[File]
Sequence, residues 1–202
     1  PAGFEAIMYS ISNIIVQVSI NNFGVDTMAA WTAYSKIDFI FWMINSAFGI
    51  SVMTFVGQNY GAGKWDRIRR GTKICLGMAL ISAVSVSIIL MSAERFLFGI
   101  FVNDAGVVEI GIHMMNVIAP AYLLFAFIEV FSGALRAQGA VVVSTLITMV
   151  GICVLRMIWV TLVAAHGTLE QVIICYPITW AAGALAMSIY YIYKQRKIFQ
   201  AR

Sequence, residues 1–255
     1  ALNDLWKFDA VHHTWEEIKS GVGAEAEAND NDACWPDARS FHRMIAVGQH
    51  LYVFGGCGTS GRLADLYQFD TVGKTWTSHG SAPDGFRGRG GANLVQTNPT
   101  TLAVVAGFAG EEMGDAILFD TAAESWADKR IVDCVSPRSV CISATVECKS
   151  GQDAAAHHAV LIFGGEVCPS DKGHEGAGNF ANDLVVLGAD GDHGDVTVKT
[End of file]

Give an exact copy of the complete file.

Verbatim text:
Sequence, residues 1–202
     1  PAGFEAIMYS ISNIIVQVSI NNFGVDTMAA WTAYSKIDFI FWMINSAFGI
    51  SVMTFVGQNY GAGKWDRIRR GTKICLGMAL ISAVSVSIIL MSAERFLFGI
   101  FVNDAGVVEI GIHMMNVIAP AYLLFAFIEV FSGALRAQGA VVVSTLITMV
   151  GICVLRMIWV TLVAAHGTLE QVIICYPITW AAGALAMSIY YIYKQRKIFQ
   201  AR

Sequence, residues 1–255
     1  ALNDLWKFDA VHHTWEEIKS GVGAEAEAND NDACWPDARS FHRMIAVGQH
    51  LYVFGGCGTS GRLADLYQFD TVGKTWTSHG SAPDGFRGRG GANLVQTNPT
   101  TLAVVAGFAG EEMGDAILFD TAAESWADKR IVDCVSPRSV CISATVECKS
   151  GQDAAAHHAV LIFGGEVCPS DKGHEGAGNF ANDLVVLGAD GDHGDVTVKT